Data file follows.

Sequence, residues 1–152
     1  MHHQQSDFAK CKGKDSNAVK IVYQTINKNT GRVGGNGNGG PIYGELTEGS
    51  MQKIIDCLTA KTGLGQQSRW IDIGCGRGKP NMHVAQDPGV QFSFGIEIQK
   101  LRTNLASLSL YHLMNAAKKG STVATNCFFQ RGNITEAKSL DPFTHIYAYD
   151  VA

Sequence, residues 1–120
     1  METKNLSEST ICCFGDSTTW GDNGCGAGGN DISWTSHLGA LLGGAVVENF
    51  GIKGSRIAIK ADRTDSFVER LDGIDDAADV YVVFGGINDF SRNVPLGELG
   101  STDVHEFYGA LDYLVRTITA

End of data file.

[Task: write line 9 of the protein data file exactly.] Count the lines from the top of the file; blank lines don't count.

   101  STDVHEFYGA LDYLVRTITA